As strange as it appears at first glance, there are actually several good reasons. So let me tell you more.

Discourse sized

First, I should let you know that today, publishing is a just hobby for me. The world will go its own way. I no longer think can any book change the world.

But it certainly changed me. It’s no exaggeration to say the I Ching saved my life. More than once.

So, for me, if the Common Sense Book of Change helps even one of you, that is enough. I would be satisfied. As it has been written, “To save one life is to save the world entire.”

I also recognized that the I Ching is not the only book with life-saving potential. The most powerful is the Bible. In my case, however, early in life, poor examples confused and repelled me. I do believe that in their infinite mercy, good angels guide and protect truth seekers through any medium available. Angels are not limited by the restrictions of human religion. : )

So long before I was ready for the New Testament, the I Ching was there to get me through some rough transitions.

Angel Calling

Now, then. How did I come to create this little book? I am American, not Chinese. Nor am I a scholar with advanced degrees in Chinese language and literature. I’ve described my personal journey in several places. For example, in The I Ching & Me, I wrote:

For me, the Book of Change is a gateway to magic. On this side, it has been a close companion, good friend and advisor through the years. On the far side, perhaps remembered from lifetimes past, it speaks to me from a place beyond time and space.

With it, I was never alone, even and especially when I was loneliest in crowded rooms. When the world impelled suicide, it brought me back to a deeper, all-pervasive love of life.

So I will share a few sections from Rethinking Survival about how I met the book, and how it has grown on me.

ICgraph

I wrote about the origins of CSBOC in Rethinking Survival:

. . . I’d had a hunch about [the I Ching] for a very long time. Ellsworth Carlson, who lived in Shansi, China during WWII, was a classmate of my parents at Oberlin College. When I was nursery school age, he bounced me on his knees at Harvard.

As Freshman student, I took Dr. Carlson’s course in Asian History at Oberlin. What stuck with me how vast an influence the I Ching had on China for 8,000 years and counting.

So, when I left the U.S., all I took with me was my violin and one small suitcase. Of that, half contained clothes. The other half held sheet music and one small book: the Legge translation of the I Ching.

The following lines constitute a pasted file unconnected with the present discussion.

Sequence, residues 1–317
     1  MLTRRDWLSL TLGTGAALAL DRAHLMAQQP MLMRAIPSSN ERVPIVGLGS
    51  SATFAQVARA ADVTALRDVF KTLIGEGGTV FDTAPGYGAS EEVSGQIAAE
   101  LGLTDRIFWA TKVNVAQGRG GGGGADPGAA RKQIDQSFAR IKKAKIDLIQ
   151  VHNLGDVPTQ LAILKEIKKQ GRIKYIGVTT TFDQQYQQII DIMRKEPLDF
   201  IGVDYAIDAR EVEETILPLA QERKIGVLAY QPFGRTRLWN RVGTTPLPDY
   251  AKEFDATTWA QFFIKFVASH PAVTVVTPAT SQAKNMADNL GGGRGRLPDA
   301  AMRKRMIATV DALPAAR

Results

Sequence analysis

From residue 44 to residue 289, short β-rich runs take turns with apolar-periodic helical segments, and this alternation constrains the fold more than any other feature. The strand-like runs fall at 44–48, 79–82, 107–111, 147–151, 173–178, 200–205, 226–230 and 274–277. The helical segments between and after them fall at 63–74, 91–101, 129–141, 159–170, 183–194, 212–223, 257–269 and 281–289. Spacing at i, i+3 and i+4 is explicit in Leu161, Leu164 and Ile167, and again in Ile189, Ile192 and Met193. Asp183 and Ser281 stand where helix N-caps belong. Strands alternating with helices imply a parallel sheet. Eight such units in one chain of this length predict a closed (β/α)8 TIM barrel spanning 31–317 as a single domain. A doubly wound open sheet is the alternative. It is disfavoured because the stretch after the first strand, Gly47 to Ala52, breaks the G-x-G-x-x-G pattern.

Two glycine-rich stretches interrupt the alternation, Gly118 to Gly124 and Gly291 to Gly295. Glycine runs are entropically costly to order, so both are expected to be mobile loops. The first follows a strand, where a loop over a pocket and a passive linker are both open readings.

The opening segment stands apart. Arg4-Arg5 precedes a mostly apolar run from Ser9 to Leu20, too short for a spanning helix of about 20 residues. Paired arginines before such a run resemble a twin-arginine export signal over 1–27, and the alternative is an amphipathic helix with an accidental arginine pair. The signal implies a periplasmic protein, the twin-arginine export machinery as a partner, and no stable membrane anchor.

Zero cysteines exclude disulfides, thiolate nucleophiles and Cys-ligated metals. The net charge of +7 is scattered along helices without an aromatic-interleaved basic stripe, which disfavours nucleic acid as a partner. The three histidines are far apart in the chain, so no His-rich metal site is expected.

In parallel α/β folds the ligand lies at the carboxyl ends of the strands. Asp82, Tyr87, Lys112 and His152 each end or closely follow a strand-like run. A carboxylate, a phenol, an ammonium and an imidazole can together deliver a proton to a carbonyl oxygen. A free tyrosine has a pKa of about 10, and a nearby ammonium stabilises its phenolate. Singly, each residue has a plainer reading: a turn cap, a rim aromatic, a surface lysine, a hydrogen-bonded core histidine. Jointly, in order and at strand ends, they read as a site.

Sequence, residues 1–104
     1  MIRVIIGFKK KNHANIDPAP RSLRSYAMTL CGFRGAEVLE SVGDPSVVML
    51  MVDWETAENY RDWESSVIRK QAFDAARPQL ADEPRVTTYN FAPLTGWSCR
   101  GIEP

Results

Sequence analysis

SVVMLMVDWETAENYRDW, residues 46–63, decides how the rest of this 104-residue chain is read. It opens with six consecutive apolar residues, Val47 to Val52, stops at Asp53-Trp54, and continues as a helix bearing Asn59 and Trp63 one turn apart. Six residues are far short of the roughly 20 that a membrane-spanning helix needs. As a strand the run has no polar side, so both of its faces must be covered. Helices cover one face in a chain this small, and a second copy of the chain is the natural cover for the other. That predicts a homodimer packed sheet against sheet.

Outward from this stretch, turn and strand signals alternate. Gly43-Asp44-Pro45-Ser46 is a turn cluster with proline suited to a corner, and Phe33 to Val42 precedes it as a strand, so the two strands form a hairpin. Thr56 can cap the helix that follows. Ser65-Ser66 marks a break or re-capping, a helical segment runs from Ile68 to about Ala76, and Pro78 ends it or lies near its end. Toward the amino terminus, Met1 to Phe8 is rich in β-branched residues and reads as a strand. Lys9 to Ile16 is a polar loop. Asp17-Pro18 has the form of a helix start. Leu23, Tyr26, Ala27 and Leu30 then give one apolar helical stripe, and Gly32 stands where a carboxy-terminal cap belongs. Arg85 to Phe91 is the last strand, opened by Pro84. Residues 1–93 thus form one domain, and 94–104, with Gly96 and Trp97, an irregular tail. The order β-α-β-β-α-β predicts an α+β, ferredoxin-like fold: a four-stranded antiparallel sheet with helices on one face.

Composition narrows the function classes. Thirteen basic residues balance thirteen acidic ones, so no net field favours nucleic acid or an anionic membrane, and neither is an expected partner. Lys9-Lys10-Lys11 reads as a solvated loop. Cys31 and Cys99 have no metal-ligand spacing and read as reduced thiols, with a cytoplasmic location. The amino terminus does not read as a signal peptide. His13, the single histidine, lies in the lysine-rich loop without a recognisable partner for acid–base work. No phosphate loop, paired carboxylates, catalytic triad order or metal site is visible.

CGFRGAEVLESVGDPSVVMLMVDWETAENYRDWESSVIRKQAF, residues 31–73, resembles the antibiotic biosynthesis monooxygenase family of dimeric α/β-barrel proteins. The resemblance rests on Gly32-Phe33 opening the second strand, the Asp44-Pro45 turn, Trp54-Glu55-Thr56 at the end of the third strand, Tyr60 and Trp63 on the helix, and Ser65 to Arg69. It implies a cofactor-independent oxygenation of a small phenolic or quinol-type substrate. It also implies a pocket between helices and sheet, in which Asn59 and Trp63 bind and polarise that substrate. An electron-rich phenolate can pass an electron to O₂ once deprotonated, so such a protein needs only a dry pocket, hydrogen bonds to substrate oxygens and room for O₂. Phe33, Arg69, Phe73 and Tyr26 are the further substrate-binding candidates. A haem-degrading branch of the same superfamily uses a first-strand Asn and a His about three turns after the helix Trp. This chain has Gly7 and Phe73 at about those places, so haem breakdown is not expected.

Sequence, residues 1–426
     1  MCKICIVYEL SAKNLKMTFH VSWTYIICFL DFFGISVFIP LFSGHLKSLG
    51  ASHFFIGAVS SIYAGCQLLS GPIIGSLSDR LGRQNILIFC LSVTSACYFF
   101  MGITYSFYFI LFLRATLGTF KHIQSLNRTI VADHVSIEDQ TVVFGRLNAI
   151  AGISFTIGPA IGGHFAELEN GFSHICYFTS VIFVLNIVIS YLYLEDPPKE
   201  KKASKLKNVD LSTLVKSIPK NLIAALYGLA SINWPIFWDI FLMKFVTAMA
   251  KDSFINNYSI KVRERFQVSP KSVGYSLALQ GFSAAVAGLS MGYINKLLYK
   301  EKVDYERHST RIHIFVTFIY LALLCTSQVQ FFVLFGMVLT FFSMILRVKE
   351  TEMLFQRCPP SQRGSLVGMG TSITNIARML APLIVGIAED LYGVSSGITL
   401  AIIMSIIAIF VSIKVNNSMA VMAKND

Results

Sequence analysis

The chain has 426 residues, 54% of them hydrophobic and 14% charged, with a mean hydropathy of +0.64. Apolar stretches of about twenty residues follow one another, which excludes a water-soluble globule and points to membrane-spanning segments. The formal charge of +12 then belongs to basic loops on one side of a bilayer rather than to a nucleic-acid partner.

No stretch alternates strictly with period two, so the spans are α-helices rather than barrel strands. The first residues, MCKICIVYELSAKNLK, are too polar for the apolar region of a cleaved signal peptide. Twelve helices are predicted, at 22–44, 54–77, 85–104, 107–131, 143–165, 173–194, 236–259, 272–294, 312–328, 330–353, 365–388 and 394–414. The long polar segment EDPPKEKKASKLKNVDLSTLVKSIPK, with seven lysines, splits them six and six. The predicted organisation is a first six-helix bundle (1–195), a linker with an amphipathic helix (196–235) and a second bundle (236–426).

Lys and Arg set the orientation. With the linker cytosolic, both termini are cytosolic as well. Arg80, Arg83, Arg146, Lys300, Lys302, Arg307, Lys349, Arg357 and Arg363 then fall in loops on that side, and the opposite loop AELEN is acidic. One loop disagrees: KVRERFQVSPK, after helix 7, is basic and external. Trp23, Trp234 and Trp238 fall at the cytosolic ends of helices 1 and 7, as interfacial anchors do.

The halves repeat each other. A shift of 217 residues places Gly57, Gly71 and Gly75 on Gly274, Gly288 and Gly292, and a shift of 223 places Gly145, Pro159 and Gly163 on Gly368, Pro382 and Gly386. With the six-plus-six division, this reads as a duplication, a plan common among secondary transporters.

It made no sense to me. I could barely get through a page or two before giving up. But I kept coming back to it. It led to something important I had to know more about.

When I happened upon the Wilhelm/Baynes edition in Düsseldorf’s International Bookshop on Konigs Allee — Finally! — I had a version I could relate to. It literally became my teacher. It gave me a whole new concept of how the world really works.

Not just this family or that institution or the other county. Not arbitrary and capricious, fluctuating fashions, but the constant anchor over time.

From it, I could deduce the fundamental energy dynamics of action and reaction which drive behavior, internally at a psychological level, and externally in relationships and day-to-day events.

It was an extension of the logic my English teacher Miss Elson impressed on my high school brain. But more. It gave me a map of logical consequences, as inevitable as computer language. “If this, then that.”

For example, If you kick people, they kick back (if they can) or otherwise resist. If you are kind, you inspire love and trust in others. If you violate natural law, nature bites back — your mental health suffers; relationships deteriorate; your behavior becomes erratic and social/physical survival is imperiled.

Asian cultures call this “the law of karma.” Its operation is also described in biblical terms: “As ye reap, so shall ye sow,” and “to everything there is a season.”

In sum, its 64 permutations map a progression of repetitive, cyclical change.

Tai Chi Tu

I’ve also explained why I felt compelled to write a simpler, accessible version, free of unnecessary jargon, sexism and cultural baggage: